WhatsApp for Investor Comms

Jason Yeh
March 28, 2023

5 tips for using WhatsApp with your investors

Leveraging your investors/advisors is all about effective communication. A few weeks ago, I shared how Sam Corcos ensures his updates are effective at activating his investor network. This week, we’ll talk about using a different medium - WhatsApp (WA).

But first, let’s talk about the standard approach to communicating with investors - the investor email list. 

The downside of email

Email lists are valuable, but the email format has a lot of disadvantages. The most limiting one being that it assumes a more formal and lengthy writing style. This verbosity impacts both the sender and the receiver.

On the sender side, founders avoid writing emails knowing they take time to fit the expectations of the medium. On the receiver side, investors/advisors scan emails and will often innocently set aside certain emails for later that they know will take more time to process. Update emails from portcos frequently fall into this bucket…

And overall, whether priority or not, sitting in an investor's inbox is a bad place to be. It’s an ocean that gets thrashed around by a raging storm dumping more and more emails throughout the day. Even important emails often get swept away.

A possible fix: short-form messaging

One strategy I’ve seen work very well is the use of a WA group for investors. 

WA or any other short-form messaging addresses many of the aforementioned issues with email by allowing founders and investors to engage with small snippets of information in a channel that has less noise. When interactions require far less time commitment, a founder can build engagement momentum and more readily pull value out of a very valuable group of supporters.

Tactical advice - setting it up

The insight of using WA for investor groups is not actually unique. Some of you have probably heard founders talk about how much more interaction they got from their investors when they put them in a WA group. Simply knowing that an investor WA group is possible and worthwhile does you very little though. As is the case with many pieces of online advice, the headline teases value but doesn't actually give any tactical value.

I’ll try to be different…

5 tips to setting up a WhatsApp group for investors 

Here are five tips around setting up a WA group for your cap table:

#1. Realize that WhatsApp ≠ NO Email

WhatsApp and email lists are not mutually exclusive.

Hopefully this removes one anxiety you had about choosing to test out the WA approach.

Different investors have different comfort levels with technology (ironic i know) and use different communication tools so it's nice to maintain long-form updates in email. Even if you set up a WA or short-form messaging group with your investors, that doesn't mean you have to get rid of your email updates. Email can remain a viable medium for you to keep a paper trail of important updates.

#2. Create a formal onboarding

When setting up your WA group, create a formal onboarding. 

  1. Inform each investor individually that you're setting up a WA group for quick response engagement through the group. 
  2. Ask for their phone number (help push this along by mentioning X% of investors are already signed up).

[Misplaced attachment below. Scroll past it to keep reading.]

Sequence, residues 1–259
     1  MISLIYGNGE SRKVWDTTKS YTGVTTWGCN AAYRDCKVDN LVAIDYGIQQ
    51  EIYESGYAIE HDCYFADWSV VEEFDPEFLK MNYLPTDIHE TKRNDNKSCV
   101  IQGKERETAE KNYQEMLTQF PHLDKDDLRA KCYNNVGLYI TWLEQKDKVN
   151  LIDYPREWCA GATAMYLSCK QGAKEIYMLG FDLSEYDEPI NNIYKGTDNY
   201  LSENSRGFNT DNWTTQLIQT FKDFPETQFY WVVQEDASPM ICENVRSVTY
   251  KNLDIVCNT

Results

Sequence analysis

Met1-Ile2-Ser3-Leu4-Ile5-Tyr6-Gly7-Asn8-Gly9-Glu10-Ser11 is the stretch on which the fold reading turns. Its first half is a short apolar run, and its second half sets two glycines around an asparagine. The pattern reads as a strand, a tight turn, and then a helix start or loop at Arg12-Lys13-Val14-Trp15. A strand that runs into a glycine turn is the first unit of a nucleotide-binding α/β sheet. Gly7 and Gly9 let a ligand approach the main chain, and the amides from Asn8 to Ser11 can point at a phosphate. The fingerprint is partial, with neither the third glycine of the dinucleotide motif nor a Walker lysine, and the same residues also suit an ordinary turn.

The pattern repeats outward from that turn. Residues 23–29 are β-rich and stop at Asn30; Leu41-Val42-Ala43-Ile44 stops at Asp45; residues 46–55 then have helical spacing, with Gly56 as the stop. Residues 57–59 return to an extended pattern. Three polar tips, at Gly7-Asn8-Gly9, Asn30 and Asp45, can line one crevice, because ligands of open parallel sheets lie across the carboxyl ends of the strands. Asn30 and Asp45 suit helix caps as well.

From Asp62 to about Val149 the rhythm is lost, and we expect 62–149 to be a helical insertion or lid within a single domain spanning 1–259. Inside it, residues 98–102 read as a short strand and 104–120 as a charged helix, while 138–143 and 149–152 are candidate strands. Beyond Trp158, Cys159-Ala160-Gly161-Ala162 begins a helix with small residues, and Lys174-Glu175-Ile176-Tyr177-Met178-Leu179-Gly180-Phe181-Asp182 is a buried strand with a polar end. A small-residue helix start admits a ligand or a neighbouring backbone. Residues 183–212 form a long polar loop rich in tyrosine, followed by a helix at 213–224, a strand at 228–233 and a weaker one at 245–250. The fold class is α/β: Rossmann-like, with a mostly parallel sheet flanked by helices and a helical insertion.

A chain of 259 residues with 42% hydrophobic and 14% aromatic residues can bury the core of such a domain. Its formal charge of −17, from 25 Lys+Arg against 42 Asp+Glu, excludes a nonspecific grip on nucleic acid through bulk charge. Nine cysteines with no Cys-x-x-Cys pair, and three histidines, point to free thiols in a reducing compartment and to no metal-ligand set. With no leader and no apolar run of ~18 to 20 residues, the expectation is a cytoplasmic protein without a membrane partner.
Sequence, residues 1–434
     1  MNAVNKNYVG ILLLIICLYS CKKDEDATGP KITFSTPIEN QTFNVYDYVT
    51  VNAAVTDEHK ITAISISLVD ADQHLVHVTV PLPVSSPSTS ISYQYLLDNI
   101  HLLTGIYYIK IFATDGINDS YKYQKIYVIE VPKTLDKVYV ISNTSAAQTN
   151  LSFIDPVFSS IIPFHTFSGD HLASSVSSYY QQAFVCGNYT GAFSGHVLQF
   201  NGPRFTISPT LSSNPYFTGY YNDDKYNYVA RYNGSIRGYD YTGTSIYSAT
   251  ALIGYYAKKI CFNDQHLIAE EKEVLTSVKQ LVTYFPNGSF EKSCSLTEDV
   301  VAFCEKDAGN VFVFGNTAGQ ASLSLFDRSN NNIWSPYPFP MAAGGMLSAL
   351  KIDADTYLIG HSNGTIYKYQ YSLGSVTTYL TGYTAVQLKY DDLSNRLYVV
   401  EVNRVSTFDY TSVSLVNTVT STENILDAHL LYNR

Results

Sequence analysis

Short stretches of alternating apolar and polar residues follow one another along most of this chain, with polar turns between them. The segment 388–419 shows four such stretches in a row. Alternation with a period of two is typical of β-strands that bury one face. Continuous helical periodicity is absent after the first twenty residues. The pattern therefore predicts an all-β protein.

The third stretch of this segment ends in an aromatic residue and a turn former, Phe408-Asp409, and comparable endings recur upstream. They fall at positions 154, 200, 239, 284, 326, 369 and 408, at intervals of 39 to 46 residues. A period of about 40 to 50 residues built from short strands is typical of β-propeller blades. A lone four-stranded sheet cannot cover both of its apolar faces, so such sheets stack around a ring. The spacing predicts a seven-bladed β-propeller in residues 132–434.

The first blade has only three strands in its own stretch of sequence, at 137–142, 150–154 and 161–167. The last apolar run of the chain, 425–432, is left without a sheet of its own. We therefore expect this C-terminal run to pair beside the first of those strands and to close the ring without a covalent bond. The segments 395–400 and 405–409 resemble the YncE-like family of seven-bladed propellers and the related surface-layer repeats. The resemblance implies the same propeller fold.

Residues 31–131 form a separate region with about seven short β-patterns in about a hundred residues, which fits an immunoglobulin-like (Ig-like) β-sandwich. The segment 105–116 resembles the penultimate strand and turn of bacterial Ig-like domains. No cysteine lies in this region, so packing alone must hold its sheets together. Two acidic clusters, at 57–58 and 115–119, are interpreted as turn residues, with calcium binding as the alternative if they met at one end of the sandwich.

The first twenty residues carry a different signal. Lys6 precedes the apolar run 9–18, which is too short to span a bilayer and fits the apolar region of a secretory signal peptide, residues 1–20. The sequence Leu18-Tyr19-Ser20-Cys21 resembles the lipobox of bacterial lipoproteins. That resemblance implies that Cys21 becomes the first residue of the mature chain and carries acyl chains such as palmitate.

3. Once you collect contact info, add them to the WA group all at once. (all at once is important! You don’t want early adds to be in an empty group)
  4. Send a welcome message with ground rules.
  5. Get them excited about being part of the group (compliment the make-up of the investor group. “Such an amazing group of supporters on our cap table…”).
  6. Let people know what it’s used for (keep people updated, emergency quick response, not for spam).
  7. Ask people to quickly check in and introduce themselves.
  8. The formal onboarding will set the precedet that it’s an active group and no one should feel shy about engaging

#3. Plant supporters in the group

Beyond onboarding, establishing members of the group who will demonstrate participating is normal early on will help. No one ever wants to be the first one to jump in the pool or accept a party invite. Planting someone in the audience who leads the way in the early days can smooth out these participation bumps.

How? Just talk to a couple of the people you’re closest to in the group and ask them to be active with some of your posts. It makes a huge difference.

#4. Keep the channel alive early

Make it a point to send short updates when things happen at the company, especially over the first few months. Shipping product, new hire landed, milestone achieved, etc are all candidates for a one-sentence message. This will make the WA group feel alive and set the example of short messages leading to…

#5. Make small, well-defined asks and respond with public appreciation

Incorporate small, well defined asks into the channel. Then when people come through (good use of your planted moles from tip #3) make sure you recognize them in the channel. Showing a history of people actually helping within the group will apply pressure to the overall group to engage in the future when future requests come out. 


(WhatsApp For The Win…)

If done well, this can be a very effective tool for engaging with your cap table and extracting the most value out of investors and advisors. Remember, as new investors come onto your cap table, onboard them to the group using the same approach you used in the beginning. Keep this as a community that supports each other as well as your company and you’ll find more value than you ever would out of an email list.

Side note: many times, you'll find that not only do you get a lot of value out of a group like this, but it will make it easier for your investors to interact with each other and establish closer relationships. This makes it a win win for everyone involved. WA FTW.

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